This sits firmly in the CJ Cherryh tradition of tightly-focused space opera, and I can see some interesting comparisons to how e.g. Ann Leckie has also followed that lead. So, good ideas and there’s a suitably twisty plot to go with it. It’s intended to be part of a series, but acts as a standalone story for now. Further books could follow on directly – there’s plenty of space for what happens next – or could go elsewhere in the setting, and I’d happily read either.

    Content Note: (rot13 as it’s a spoiler) n fprar bs evghny fhvpvqr that frankly seems to me to be deployed for plot shock value and nothing more.

  17. Just finished CJ Cherryh and Jane S. Fancher’s Alliance Rising. It will will take a LOT to knock this off my Hugo list for next year; they nailed it. Tight-plotted space opera with suspense, politics, backstabbing, intrigue; this is Cherryh at her best. And you don’t need to have read ANY of Cherryh’s other space opera; this is a prequel to everything else, and as far as I’m concerned she sets up the universe just fine. And my socks are in orbit….

    (With the caveat that this IS a Cherryh book, and Cherryh likes to drop you into the middle of the story with a naive POV so you’re figuring out what’s happening in the middle of the action. On CompuServe twenty years ago, she wrote something like, “write your novel, then throw out the first three chapters.” And that’s still her style.)

  18. Galloglass, by Scarlett Thomas

    Novel (Middle-Grade, 3rd in a series)

    The third book in the Worldquake sequence equals the first in quality, and that quality is quite high; the scope is grand and the themes are nuanced. A couple of characters who previously got little time also get a lot more space here, which was welcome. Lexie’s storyline gets pretty dark, but I think it was well-handled. I’m looking forward to more books in this series as they come.

  19. Novel (or possibly Novella since it’s only 216 pages)

    Perihelion Summer by Greg Egan

    I’m terrible at synopses, so I’m going to quote from Kim Stanley Robinson’s blurb: “Egan here doubles down on climate change with his typically rigorous exploration of a cosmic accident’s effect on Earth and all its people. His characters are sharp and funny and their courageous response to the massive challenge they face works as a spur to cause us to think—why couldn’t we do as well with our own great challenge? This is what the best science fiction can do that no other genre can, and we need it now more than ever. Bravo!”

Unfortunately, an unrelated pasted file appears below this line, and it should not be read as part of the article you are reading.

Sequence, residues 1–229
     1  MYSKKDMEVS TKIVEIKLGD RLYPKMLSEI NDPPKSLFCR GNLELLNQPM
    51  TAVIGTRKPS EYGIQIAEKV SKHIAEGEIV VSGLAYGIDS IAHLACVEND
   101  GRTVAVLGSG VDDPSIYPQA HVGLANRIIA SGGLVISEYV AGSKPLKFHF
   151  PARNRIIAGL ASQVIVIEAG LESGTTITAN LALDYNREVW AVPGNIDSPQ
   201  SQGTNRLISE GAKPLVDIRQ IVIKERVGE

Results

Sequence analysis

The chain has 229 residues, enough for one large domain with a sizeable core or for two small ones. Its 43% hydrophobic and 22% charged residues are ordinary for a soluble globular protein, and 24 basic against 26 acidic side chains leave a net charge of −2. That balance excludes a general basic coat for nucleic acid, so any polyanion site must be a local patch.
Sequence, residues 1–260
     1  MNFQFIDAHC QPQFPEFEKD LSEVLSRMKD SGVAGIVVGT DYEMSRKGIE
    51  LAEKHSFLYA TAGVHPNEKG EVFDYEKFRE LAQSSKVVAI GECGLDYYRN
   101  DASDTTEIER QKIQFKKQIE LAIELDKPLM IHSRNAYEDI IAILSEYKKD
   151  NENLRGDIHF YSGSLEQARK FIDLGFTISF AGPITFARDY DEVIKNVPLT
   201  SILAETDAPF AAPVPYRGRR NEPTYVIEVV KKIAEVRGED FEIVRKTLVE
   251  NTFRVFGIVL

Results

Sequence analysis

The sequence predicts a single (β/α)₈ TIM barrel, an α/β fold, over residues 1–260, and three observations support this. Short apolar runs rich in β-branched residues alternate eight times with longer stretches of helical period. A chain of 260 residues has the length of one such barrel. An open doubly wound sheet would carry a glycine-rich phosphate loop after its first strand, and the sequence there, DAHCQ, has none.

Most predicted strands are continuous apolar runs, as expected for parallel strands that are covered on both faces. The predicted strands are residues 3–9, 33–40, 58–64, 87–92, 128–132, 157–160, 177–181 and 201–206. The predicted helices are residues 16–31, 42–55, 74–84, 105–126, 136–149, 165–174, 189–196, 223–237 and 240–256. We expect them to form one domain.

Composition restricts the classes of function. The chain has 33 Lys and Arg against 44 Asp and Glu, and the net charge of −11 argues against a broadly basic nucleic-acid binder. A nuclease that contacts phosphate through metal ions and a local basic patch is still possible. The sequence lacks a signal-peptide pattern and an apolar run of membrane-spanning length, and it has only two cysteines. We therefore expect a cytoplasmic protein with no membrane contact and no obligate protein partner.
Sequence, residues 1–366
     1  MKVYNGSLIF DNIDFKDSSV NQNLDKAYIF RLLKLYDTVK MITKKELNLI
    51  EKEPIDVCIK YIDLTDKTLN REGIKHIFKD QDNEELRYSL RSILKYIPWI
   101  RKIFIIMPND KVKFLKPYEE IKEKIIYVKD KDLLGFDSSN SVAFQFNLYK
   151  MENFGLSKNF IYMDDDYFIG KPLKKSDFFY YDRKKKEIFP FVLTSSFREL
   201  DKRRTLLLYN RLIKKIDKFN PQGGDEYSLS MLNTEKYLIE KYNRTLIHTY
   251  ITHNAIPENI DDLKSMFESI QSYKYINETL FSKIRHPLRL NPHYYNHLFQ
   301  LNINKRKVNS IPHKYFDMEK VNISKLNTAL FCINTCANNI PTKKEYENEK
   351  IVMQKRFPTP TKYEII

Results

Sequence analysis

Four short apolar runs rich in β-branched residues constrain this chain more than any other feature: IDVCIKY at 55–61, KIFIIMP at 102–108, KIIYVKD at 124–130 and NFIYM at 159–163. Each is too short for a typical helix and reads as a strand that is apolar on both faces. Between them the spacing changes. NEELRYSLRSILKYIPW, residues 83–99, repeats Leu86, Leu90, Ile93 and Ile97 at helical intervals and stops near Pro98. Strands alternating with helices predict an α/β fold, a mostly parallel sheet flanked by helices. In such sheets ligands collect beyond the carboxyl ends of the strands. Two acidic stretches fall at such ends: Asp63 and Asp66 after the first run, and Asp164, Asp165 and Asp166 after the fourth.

This was my favorite thing I’ve read so far this year. It’s not your typical post-apocalypse story as it focuses more on the slow build-up of stress and reaction as our protagonists try to find ways to help before civilization gets overwhelmed. It captured, in an understated way, how difficult it is when you’re just a few people trying to do the most you can but it’s horribly inadequate in the face of a slow motion, but global threat.

  20. Perihelion Summer is 41,810 words per Word, so technically eligible in novel but probably best suited to novella.

    I also liked it. It’s about people preparing for, and surviving, extreme climate change, albeit not of the AGW kind. I thought the choice of finale a bit odd though.

  21. Best Series: Winternight Trilogy, Katherine Arden, concluding this year with The Winter of the Witch

    A few comments above, Bonnie recommends the concluding part of the trilogy The Winter of the Witch for novel. I’m a little concerned about how well it stands alone as a novel, but as a complete series I think it’s well worth people’s time. Arden was clearly a good writer from The Bear and The Nightingale, but over the next two books you can see her become a fully accomplished one. It’s a mystical coming-of-age story rich in medieval Russian history and folklore, with a strongly-written MC. I might say that the final book took a turn towards its resolution that I wasn’t quite expecting, but that might be a good thing.

    (Also, I think this trilogy puts Arden head and shoulders above the rest of the Campbell finalists – and there are some novels from the finalists that I very much enjoyed)

  22. Holy Sister, by Mark Lawrence

    Novel (third in a trilogy)

    I honestly wasn’t sure that Mark Lawrence was going to be able to tie up all the dangling plot threads in this one, but he manages to do fairly well it in what turns out to be an engrossing, propulsive book. It wasn’t perfect — a couple of character choices seem odd (did Sister Apple really think Nona was going to bow out of that test?), and at the climax, gur obql fjvgpuvat fghss qbrfa’g jbex nal orggre guna vg qvq va gur svefg obbx; vg’f ernyyl abg n tbbq jnl gb fuvsg cbvag bs ivrj sebz bar fprar gb nabgure. But on the whole I’m pleased with how it went. It took some interesting turns with Nona and Zole, and I was happy to see that Aban naq Nenoryyn raq hc gbtrgure ng gur raq. Jung? V pna fuvc punenpgref vs V jnag gb!